• By Shawn Bishop, Senior Communications Specialist

Erdheim-Chester — A Rare Disorder with No Known Cause and Limited Treatment Options

June 18, 2010

Erdheim-Chester — A Rare Disorder with No Known Cause and Limited Treatment Options

June 18, 2010

Dear Mayo Clinic:

What can you tell me about Erdheim-Chester disease?


Erdheim-Chester disease is a very rare disorder in which histiocytes, cells that help fight infection, multiply and infiltrate bone marrow and then spread throughout the body.

The disease was first described in 1930 by Jacob Erdheim and William Chester. Since then, about 100 cases have been documented in medical literature. Erdheim-Chester disease most often affects adults in their 40s and 50s and is more common in men than women. There's no known cause.

Erdheim-Chester disease is not a cancer, but histiocytes multiply and spread with the ferocity associated with an aggressive cancer. This progressive disease first affects the skeletal system, causing an abnormal increase in bone density and bone growths called lesions. Bone pain is often the first symptom, usually presenting in lower more often than upper extremities.

As the disease progresses, manifestations can be found in the nervous system, eyes, pulmonary system, heart, lymph nodes and kidneys. Symptoms can include:

  • Changes in gait
  • Changes in sensory ability
  • Sleep disturbances
  • Diabetes insipidus, a disorder characterized by intense thirst and by the excretion of large amounts of urine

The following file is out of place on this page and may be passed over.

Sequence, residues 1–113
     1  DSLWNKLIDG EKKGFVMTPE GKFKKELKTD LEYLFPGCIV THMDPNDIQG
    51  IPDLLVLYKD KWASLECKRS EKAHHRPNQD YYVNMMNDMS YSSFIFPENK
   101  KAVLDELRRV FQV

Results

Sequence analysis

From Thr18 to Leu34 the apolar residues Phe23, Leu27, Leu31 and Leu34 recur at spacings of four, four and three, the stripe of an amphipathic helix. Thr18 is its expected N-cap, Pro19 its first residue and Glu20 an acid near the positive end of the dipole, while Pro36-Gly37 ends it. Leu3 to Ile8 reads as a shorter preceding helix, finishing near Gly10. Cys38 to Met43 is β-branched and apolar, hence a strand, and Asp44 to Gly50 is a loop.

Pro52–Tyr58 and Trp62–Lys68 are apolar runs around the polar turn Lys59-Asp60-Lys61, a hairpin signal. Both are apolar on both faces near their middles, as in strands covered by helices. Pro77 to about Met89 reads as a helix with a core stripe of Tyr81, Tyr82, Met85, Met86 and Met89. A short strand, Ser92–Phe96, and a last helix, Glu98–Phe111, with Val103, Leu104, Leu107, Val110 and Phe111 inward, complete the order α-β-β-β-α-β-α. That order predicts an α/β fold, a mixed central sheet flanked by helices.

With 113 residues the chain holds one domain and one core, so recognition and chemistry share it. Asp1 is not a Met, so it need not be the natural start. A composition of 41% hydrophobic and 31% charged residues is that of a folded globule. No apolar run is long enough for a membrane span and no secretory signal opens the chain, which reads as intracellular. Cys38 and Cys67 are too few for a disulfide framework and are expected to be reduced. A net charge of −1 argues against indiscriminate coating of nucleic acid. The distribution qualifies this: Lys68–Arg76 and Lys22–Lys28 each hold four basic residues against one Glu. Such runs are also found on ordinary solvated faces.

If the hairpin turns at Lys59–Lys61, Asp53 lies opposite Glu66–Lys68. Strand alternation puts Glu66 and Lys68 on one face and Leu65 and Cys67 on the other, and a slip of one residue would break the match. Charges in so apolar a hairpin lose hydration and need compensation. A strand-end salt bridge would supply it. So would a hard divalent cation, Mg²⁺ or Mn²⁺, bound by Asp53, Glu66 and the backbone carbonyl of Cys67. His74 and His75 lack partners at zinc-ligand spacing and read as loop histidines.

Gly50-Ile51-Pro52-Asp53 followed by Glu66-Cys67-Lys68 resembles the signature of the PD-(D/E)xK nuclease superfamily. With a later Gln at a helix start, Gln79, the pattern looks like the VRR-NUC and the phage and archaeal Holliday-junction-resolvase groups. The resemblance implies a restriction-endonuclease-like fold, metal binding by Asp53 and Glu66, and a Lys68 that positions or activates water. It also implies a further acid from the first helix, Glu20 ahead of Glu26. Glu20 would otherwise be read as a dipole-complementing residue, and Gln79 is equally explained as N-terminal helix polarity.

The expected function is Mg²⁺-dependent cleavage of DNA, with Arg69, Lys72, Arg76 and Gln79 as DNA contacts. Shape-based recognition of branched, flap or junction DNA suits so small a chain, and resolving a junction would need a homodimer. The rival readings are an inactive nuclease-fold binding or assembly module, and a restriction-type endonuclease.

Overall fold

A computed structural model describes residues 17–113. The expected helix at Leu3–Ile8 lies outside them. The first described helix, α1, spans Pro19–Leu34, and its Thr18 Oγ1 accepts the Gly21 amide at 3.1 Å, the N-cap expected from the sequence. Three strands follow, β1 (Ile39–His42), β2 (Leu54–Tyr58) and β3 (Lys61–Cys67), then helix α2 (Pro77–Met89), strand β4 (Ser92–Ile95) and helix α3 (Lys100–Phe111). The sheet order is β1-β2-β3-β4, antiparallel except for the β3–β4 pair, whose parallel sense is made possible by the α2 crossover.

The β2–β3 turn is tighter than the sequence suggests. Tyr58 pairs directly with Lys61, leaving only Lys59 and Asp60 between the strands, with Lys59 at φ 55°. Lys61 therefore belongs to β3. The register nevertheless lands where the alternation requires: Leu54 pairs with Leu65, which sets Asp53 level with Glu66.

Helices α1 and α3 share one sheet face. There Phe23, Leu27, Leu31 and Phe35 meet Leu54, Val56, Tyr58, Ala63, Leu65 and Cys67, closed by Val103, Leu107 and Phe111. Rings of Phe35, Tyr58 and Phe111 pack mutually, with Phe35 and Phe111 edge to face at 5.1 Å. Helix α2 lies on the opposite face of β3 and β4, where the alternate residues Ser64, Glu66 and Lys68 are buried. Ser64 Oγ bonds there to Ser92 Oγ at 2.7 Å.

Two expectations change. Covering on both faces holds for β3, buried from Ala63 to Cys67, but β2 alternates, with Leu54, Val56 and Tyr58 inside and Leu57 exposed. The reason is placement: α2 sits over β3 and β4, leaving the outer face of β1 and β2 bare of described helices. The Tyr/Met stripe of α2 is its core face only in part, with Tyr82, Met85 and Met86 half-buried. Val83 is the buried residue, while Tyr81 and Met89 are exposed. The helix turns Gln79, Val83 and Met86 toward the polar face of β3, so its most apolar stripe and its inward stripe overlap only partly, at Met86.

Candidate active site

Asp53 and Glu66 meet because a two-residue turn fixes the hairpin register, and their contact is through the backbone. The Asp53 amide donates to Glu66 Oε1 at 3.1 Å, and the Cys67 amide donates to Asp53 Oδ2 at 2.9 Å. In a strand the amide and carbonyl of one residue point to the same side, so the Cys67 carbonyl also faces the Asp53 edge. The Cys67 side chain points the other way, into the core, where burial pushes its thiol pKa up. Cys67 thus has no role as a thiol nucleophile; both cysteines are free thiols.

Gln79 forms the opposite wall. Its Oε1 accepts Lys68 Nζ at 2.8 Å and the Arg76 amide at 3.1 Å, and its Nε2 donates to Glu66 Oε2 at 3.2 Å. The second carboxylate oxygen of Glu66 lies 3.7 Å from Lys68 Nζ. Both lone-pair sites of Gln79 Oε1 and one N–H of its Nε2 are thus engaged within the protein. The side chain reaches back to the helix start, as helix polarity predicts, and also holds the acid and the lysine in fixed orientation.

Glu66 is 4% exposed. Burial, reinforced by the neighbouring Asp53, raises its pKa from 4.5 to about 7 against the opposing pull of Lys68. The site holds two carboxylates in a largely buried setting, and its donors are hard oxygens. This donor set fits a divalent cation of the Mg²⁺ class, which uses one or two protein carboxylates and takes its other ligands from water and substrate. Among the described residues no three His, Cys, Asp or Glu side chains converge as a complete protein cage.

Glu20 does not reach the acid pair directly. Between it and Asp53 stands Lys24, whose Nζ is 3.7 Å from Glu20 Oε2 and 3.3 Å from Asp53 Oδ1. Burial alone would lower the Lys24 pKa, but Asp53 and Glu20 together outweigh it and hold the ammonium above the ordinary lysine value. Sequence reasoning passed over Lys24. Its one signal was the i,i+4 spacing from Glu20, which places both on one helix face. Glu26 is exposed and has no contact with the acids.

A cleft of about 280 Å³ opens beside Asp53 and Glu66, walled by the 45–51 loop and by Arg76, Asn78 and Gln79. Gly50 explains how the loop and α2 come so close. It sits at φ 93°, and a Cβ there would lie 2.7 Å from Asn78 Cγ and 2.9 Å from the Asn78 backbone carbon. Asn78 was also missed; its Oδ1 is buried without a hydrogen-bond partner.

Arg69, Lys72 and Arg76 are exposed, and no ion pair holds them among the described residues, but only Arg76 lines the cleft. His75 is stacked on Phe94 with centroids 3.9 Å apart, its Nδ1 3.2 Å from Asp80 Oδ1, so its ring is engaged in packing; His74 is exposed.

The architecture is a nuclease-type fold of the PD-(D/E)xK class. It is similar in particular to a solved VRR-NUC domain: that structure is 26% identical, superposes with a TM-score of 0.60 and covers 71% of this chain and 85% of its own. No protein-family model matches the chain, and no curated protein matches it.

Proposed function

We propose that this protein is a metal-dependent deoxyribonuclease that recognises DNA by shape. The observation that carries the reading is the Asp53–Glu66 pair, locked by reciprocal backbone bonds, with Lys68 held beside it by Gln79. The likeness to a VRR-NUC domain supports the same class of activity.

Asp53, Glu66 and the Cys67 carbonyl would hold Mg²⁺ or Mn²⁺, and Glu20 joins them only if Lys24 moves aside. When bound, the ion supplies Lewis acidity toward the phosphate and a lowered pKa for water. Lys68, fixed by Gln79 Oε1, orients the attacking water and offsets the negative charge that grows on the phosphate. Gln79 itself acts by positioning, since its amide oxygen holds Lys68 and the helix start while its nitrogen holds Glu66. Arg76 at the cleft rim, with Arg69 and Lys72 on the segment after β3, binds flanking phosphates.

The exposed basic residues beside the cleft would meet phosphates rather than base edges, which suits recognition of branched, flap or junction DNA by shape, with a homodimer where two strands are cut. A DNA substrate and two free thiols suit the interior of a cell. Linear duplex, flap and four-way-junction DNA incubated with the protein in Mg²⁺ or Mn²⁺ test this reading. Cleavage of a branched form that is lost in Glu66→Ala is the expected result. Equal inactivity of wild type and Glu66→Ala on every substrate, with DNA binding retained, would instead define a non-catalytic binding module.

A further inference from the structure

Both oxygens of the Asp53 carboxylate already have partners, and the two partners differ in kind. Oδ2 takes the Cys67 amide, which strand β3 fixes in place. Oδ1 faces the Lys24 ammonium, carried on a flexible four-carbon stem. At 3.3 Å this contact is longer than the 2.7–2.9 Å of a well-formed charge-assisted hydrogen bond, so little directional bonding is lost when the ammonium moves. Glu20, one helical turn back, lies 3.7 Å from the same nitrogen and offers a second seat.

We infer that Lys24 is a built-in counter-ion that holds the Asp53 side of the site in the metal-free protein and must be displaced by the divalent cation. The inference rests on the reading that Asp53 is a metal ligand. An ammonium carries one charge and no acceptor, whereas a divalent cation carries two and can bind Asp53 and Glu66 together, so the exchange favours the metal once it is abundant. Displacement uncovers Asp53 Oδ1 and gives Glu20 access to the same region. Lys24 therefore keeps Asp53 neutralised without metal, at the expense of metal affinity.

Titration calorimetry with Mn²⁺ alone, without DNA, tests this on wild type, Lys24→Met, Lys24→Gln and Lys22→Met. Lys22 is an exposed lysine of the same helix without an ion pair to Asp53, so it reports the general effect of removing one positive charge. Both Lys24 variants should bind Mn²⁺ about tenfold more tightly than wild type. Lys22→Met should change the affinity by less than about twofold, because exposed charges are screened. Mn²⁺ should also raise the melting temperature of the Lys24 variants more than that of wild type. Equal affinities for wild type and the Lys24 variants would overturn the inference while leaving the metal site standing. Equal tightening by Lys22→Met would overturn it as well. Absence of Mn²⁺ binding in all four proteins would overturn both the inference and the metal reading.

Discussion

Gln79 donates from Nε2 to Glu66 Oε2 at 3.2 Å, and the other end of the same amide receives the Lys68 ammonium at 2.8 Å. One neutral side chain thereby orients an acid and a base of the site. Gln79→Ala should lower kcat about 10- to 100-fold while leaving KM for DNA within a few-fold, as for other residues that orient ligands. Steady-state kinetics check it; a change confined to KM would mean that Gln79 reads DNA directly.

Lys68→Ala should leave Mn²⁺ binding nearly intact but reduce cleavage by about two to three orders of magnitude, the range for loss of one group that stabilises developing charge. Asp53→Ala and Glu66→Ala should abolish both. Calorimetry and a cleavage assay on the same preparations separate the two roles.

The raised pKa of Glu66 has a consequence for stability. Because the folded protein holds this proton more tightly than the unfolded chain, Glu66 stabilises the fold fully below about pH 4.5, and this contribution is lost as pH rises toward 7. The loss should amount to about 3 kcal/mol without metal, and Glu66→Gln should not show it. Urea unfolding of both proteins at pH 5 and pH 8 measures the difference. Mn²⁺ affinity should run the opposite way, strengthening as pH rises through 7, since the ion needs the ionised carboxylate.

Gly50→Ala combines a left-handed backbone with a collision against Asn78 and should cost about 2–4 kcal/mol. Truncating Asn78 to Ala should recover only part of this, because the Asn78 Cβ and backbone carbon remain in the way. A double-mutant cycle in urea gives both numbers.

• Vision problems
  • Labored breathing or shortness of breath
  • Heart failure
  • Kidney damage

Given the wide range of symptoms and its rarity, the disease is easily misdiagnosed. Early on, Erdheim-Chester disease can be confused with Paget's disease, a condition that affects how bone breaks down and rebuilds.

A diagnosis of Erdheim-Chester disease can be confirmed with tissue or bone biopsies that show proliferation of histiocytes, cells that are normally inactive and immobile.

Treatment options are somewhat limited. Because the disease is rare, researchers and doctors simply haven't had the experience needed to find effective treatment options. Options used include chemotherapy, immunotherapy and corticosteroids.

Treatment can help delay progression of the disease for a time, but the outlook for patients with Erdheim-Chester disease isn't good. At five years, the overall survival rate is 41 percent.

If you or a family member is dealing with Erdheim-Chester disease, finding information or experienced care providers can be difficult. I've seen one patient with Erdheim-Chester disease in my career. Most doctors, even at large health care centers, will never see a patient with this condition. The ECD Global Alliance, a group formed by patients and families, can be a resource for you.

— Erik Castle, M.D., Urology, Mayo Clinic, Arizona


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